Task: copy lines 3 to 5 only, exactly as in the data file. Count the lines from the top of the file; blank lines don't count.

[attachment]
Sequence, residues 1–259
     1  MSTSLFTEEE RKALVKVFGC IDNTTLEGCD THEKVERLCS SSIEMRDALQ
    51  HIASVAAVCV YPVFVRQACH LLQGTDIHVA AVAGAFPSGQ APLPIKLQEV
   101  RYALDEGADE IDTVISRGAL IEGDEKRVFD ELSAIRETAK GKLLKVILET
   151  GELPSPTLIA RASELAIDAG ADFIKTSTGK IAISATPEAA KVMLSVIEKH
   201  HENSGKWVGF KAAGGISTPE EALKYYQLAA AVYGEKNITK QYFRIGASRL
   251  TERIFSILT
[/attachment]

    51  HIASVAAVCV YPVFVRQACH LLQGTDIHVA AVAGAFPSGQ APLPIKLQEV
   101  RYALDEGADE IDTVISRGAL IEGDEKRVFD ELSAIRETAK GKLLKVILET
   151  GELPSPTLIA RASELAIDAG ADFIKTSTGK IAISATPEAA KVMLSVIEKH